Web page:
Image via Wikimedia Commons
Image via Wikimedia Commons
Ex-political prisoners from Robben Island have threatened to chain themselves and return to their cells if their demand for the release of an investigation report into corruption is not met.
According to the Cape Argus, the Ex-Political Prisoners Association (Eppa) said they had a copy of the report which was full of recommendations and disciplinary action to be taken against members of the now Robben Island Museum (RIM) board and management.
Eppa received a copy of the report from the Minister of Sport, Arts and Culture, Nathi Mthethwa in July 2019, but it was put under an indefinite embargo by the minister.
In a letter to the former prisoners dated 15 July 2019, the minister wrote: “The report that is enclosed with this letter is being issued for your information only and may not be shared/distributed to unauthorised persons (those outside Eppa) without the department’s written consent.”
Eppa Secretary-General, Mpho Masemola said they were alarmed by how long it had taken for the report to be released, fearing the issue would be forgotten. The report is the result of an independent investigation into allegations of corruption, nepotism and poor governance at the RIM.
“We’ve been waiting for 25 years for all our grievances to be addressed. If they do not do this, we will return to the island and lock ourselves up there in protest,” said Masemola.
“The RIM board had a special board meeting on October 25 at the Nelson Mandela Gateway to discuss the implementation of the remedial action against those implicated in the investigation report,” said Masemola.
Eppa is particularly keen on the dismissal of the officials named in the report and said that the officials, by their actions, had brought the museum into disrepute.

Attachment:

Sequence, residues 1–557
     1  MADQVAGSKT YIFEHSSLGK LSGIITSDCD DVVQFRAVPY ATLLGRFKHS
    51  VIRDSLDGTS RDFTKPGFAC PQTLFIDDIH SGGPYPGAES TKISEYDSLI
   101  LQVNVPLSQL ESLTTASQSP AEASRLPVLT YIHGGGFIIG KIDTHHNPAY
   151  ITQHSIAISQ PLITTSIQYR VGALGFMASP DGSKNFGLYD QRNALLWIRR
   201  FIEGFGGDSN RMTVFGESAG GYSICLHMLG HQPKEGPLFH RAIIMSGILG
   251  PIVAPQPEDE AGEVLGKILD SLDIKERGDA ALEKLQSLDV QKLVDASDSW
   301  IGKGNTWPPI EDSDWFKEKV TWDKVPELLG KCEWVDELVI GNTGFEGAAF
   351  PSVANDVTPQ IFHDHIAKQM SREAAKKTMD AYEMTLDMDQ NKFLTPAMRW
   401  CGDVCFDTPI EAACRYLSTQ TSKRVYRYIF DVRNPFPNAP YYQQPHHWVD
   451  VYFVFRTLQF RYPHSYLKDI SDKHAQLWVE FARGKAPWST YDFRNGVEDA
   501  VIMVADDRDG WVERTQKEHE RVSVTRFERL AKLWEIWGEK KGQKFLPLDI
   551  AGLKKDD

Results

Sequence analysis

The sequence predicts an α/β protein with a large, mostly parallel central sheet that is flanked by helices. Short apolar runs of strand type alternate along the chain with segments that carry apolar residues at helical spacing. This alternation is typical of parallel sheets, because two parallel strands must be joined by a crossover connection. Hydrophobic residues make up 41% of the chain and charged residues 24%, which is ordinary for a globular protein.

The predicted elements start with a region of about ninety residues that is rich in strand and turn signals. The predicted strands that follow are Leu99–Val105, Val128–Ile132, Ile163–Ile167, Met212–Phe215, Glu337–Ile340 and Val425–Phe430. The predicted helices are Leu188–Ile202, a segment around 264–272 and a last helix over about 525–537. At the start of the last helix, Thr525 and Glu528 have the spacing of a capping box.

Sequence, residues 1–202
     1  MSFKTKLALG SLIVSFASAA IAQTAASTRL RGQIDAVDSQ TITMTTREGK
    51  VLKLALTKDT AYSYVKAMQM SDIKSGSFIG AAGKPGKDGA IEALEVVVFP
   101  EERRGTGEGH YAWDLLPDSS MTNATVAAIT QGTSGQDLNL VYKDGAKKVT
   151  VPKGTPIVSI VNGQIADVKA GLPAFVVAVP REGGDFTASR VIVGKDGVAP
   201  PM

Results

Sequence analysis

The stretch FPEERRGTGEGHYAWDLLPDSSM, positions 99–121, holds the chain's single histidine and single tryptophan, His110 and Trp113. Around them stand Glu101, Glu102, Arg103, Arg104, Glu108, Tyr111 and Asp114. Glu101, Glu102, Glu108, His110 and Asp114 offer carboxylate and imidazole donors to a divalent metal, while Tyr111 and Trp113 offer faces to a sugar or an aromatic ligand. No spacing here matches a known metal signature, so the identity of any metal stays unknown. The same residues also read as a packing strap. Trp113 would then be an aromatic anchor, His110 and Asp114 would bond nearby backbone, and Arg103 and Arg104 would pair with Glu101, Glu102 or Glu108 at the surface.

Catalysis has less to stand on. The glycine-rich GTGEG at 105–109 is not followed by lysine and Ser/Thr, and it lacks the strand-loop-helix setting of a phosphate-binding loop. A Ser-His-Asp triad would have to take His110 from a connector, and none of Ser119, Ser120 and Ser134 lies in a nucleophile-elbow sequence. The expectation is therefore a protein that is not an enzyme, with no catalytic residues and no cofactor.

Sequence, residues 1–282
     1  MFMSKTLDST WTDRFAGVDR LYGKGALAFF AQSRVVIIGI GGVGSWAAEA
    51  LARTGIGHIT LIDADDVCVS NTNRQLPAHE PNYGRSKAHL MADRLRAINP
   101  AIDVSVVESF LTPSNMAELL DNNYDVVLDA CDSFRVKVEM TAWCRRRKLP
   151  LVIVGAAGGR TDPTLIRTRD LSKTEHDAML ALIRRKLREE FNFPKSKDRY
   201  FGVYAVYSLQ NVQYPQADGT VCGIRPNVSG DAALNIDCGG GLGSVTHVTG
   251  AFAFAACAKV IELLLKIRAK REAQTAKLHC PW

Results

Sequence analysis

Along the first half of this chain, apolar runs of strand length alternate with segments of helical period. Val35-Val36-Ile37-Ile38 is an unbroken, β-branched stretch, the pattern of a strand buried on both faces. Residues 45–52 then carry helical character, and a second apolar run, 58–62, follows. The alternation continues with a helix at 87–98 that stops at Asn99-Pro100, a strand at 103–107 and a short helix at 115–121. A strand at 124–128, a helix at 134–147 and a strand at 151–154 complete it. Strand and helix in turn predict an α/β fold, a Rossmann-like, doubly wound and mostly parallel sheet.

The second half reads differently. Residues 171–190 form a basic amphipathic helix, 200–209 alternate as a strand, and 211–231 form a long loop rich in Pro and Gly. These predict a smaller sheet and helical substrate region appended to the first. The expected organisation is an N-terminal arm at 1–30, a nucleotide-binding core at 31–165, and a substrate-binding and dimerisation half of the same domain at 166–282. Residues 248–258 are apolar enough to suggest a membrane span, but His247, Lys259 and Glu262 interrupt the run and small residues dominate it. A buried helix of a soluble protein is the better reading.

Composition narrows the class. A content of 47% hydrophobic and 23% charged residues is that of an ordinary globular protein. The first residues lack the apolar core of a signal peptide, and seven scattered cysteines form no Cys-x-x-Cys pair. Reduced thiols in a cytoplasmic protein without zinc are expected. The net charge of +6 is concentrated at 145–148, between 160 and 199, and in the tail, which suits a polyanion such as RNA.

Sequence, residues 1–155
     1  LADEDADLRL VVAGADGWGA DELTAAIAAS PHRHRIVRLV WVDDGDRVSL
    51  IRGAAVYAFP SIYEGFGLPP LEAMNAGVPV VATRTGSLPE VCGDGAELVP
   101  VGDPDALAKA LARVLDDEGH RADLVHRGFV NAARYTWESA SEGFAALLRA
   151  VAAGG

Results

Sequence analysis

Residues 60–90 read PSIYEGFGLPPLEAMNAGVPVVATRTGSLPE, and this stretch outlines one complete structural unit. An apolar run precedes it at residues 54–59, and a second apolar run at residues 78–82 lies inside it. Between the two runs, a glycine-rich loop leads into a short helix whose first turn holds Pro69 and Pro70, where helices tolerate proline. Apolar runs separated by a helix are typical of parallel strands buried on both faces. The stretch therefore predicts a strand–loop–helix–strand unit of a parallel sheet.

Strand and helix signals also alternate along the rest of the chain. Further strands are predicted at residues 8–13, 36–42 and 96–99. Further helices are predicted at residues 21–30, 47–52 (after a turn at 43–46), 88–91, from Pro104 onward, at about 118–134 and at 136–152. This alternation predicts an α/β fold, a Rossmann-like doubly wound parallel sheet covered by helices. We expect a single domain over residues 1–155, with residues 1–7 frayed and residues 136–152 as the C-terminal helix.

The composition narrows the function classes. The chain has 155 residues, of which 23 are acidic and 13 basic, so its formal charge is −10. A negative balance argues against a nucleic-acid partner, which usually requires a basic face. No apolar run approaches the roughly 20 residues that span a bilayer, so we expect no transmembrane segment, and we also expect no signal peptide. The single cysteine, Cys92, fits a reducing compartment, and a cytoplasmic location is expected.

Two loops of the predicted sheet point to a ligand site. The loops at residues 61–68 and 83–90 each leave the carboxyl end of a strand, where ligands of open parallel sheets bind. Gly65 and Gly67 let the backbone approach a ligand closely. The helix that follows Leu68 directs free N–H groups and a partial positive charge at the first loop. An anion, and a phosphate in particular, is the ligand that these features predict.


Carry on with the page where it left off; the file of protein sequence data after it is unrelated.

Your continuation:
“We are very concerned about the silence from the RIM board and the Communications Department about the outcome of the meeting. Disciplinary actions should have been announced after the meeting, which took two days. These matters should not be hidden from the public,” said Masemola.
In the letter sent to Eppa, Minister Mthethwa said ministry officials had called Eppa to a meeting to discuss the issue, but Eppa had declined the meeting request, insisting that all they wanted was for the minister to release the report publicly.
Masemola also referred to an incident earlier this year when RIM commissioned a new ferry from Singapore, which has allegedly ended up incurring costs of more than R100 m and failed two SA Maritime Safety Authority inspections.
Eppa members had been excluded as Black Economic Empowerment (BEE) partners by what Masemola termed “racists in the dockyard mafia” and said “the ex-political prisoners fought for human dignity and against the exclusion of black people from the mainstream economy.”